© 2024 Kansas City Public Radio
NPR in Kansas City
Play Live Radio
Next Up:
0:00 0:00
Available On Air Stations

Tuskegee Airman Colonel Charles McGee


Kansas City, Mo. – Imagine facing enemy fire at wartime, at the same time as facing the humiliation of discrimination. That's the story of the all-black Flying Class 43-G, better known as the Tuskegee Airmen. These men took part in an Air Force experiment to find out if blacks could be competent aviators.

Former Kansas City resident Colonel Charles McGee was part of this pioneering group. He flew many dangerous missions as a fighter pilot in World World II, the Korean War and the Vietnam War. In fact, he flew more fighter missions than any other Air Force aviator.

McGee eventually went on to serve as base commander at the Richards Gebaur Air Force Base and as director of the Kansas City Downtown Airport.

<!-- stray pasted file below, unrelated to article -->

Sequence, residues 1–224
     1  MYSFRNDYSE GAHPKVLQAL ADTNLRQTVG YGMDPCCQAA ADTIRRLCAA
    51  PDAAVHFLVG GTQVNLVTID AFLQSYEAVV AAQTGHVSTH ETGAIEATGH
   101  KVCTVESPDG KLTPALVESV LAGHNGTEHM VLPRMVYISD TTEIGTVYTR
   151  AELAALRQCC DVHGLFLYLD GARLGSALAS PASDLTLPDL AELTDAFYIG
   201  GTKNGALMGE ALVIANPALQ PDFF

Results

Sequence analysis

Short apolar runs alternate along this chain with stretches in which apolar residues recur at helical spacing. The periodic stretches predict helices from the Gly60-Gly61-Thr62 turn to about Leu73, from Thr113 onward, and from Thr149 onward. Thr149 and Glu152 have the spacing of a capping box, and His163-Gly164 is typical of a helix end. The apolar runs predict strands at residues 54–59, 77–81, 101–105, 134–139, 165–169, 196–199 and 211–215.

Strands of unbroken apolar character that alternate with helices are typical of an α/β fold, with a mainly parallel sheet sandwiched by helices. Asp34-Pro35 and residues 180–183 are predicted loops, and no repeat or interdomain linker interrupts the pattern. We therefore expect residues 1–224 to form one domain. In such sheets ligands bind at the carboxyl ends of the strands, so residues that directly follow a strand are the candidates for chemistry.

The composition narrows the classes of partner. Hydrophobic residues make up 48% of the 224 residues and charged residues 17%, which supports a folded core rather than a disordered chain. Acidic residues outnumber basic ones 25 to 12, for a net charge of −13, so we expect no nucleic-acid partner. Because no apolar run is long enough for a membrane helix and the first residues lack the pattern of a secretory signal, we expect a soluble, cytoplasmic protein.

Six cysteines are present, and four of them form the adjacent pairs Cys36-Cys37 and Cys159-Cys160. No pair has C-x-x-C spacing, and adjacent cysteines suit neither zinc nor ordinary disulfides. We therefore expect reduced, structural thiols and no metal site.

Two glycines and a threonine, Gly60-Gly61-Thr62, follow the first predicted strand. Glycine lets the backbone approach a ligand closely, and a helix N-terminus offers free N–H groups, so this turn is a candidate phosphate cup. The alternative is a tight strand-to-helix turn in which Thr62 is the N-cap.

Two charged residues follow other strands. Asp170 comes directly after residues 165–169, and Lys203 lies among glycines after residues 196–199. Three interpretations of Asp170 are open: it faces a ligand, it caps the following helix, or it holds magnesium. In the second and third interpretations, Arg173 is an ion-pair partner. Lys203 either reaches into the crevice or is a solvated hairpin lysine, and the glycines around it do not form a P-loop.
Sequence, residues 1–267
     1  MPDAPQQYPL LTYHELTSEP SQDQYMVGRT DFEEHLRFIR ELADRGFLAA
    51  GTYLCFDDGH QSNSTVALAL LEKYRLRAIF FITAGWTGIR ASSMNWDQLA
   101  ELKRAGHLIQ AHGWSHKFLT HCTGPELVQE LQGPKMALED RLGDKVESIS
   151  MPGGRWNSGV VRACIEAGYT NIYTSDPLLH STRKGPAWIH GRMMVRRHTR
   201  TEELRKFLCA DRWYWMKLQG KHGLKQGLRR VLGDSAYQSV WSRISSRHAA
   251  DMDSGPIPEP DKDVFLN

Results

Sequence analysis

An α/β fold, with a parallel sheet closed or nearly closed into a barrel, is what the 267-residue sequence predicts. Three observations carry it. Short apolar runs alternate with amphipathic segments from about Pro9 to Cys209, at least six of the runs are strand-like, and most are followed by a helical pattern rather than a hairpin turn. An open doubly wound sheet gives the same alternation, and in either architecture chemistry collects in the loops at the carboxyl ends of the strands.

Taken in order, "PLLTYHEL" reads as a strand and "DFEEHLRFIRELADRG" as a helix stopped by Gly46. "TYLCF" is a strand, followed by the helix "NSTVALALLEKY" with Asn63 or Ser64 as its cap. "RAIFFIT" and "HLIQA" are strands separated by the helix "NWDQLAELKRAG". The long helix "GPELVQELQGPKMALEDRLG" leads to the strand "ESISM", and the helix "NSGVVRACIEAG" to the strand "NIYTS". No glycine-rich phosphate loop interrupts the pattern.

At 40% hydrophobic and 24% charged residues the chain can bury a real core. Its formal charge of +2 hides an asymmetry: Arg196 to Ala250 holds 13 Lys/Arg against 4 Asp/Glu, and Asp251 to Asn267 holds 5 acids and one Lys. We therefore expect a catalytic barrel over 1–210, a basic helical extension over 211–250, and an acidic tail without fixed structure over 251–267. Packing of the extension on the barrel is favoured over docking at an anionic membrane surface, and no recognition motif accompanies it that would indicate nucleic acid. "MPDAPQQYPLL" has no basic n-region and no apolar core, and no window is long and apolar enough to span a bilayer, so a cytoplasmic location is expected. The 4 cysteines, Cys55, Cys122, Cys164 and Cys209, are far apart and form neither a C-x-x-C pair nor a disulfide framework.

KCUR's Susan B. Wilson recently caught up with Colonel Charles McGee when he spoke at the Kansas City Public Library's Central Branch in connection with the exhibit, The Test: The Tuskeegee Airman Project.

This story was produced for KC Currents. To listen on your own schedule, subscribe to the KC Currents Podcast.

A native of Pittsburgh, Pennsylvania, Susan admits that her “first love” was radio, being an avid listener since childhood. However, she spent much of her career in mental health, healthcare administration, and sports psychology (Susan holds a PhD in clinical psychology from the University of Pittsburgh in Pittsburgh Pennsylvania and an MBA from the Bloch School of Business at UMKC.) In the meantime, Wilson satisfied her journalistic cravings by doing public speaking, providing “expert” interviews for local television, and being a guest commentator/contributor to KPRS’s morning drive time show and the teen talk show “Generation Rap.”
KCUR serves the Kansas City region with breaking news and award-winning podcasts.
Your donation helps keep nonprofit journalism free and available for everyone.